Édouard Vuillard was born in Cuiseaux in 1868. He attended the Lycée Condorcet and trained at the studio of Diogène Maillart (1840–1926); soon deciding on an artistic career, breaking the family tradition of a career in the army.
In 1886 Vuillard entered the Académie Julian and in 1888 the Académie des Beaux-arts. The following year he joined a small group of art students that found inspiration in Japanese color woodcuts and the painting of Paul Gauguin. Calling themselves the Nabis, meaning “The Prophet” in Hebrew, the group experimented with a new concept of image space and painting from memory rather than directly in front of an object.
With other members of the Nabi group which included Pierre Bonnard, Paul Serusier and Maurice Denis, Vuillard exhibited small-scale works at the Le Barc de Boutteville gallery. Later in the 1890s he showed work at the renowned dealer, Ambroise Vollard’s studio. From 1900, along with Bonnard, he became increasingly naturalistic in style and the two artists were the primary practitioners of Intimisme, emphasizing color and depicting small groups of people in intimate surroundings.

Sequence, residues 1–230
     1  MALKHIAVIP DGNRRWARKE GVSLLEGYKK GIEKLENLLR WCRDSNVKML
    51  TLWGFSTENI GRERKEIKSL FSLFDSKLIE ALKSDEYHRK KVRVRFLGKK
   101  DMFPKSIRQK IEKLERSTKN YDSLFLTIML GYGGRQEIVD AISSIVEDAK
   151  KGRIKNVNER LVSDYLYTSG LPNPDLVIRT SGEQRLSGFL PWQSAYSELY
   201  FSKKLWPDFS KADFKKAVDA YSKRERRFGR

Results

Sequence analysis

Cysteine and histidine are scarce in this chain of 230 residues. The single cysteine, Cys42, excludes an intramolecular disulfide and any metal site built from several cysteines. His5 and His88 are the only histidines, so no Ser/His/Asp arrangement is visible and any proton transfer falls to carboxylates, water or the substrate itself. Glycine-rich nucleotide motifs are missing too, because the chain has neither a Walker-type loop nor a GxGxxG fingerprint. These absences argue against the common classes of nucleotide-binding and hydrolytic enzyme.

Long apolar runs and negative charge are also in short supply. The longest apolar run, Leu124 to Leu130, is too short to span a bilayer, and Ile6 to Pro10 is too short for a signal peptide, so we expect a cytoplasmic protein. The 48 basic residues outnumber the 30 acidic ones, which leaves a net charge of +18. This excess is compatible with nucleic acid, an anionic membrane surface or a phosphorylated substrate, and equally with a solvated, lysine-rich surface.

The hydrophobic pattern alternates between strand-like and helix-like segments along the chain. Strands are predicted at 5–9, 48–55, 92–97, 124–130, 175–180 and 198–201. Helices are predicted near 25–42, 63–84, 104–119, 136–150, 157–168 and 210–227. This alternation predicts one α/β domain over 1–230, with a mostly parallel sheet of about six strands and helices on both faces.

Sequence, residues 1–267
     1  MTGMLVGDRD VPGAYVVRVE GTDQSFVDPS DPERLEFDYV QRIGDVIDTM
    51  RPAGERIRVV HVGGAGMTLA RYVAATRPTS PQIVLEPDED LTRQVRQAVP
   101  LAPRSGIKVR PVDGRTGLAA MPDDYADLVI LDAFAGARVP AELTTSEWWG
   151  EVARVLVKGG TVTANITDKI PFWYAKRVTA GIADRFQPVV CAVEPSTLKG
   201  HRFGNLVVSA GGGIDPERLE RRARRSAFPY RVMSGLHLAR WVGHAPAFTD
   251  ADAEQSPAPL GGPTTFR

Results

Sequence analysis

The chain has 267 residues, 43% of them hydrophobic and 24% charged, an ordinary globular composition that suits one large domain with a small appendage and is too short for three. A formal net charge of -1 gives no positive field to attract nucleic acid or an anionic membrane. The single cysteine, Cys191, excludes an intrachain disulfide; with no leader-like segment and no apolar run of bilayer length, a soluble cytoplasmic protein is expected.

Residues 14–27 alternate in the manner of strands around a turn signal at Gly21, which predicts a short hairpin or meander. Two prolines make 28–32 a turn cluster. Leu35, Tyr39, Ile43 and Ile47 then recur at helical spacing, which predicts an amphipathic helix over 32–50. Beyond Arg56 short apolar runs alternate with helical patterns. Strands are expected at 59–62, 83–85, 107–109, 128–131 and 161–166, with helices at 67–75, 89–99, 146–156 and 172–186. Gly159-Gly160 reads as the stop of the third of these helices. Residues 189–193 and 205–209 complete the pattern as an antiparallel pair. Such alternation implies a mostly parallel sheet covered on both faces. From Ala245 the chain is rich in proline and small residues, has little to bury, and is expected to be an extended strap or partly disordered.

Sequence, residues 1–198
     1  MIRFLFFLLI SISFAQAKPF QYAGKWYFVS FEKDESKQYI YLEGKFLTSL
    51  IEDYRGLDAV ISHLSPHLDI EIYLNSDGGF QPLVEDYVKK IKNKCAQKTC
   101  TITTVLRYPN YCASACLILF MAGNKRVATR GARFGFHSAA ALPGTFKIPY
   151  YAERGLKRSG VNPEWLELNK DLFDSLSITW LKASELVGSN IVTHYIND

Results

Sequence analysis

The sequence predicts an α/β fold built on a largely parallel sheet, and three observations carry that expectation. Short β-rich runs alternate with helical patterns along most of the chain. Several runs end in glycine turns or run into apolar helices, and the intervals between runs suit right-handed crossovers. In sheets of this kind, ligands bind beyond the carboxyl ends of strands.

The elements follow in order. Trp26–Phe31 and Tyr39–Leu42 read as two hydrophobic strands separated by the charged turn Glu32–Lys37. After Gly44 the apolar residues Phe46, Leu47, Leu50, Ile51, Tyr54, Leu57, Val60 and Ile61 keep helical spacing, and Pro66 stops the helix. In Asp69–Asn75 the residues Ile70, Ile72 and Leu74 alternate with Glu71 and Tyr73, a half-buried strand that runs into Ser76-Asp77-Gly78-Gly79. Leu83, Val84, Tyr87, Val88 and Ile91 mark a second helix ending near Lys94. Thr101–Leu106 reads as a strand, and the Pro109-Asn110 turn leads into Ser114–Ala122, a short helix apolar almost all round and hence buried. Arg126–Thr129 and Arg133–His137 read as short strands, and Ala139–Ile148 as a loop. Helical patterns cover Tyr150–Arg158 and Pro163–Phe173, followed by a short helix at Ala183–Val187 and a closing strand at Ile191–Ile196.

In the early years of the 20th century Vuillard began to show work at the Parisian gallery of the Bernheim-Jeune family and was later contracted to them. Bonnard was very popular although personally he was reserved and quiet. Lucy Hessel, wife of Jos Hessel, a partner in Bernheir-Jeune, became a close friend, confidante and model. His works were primarily interior domestic scenes. Characteristic of Vuillard’s association with the Nabis is the emphasis on decorative patterns, as in the present example.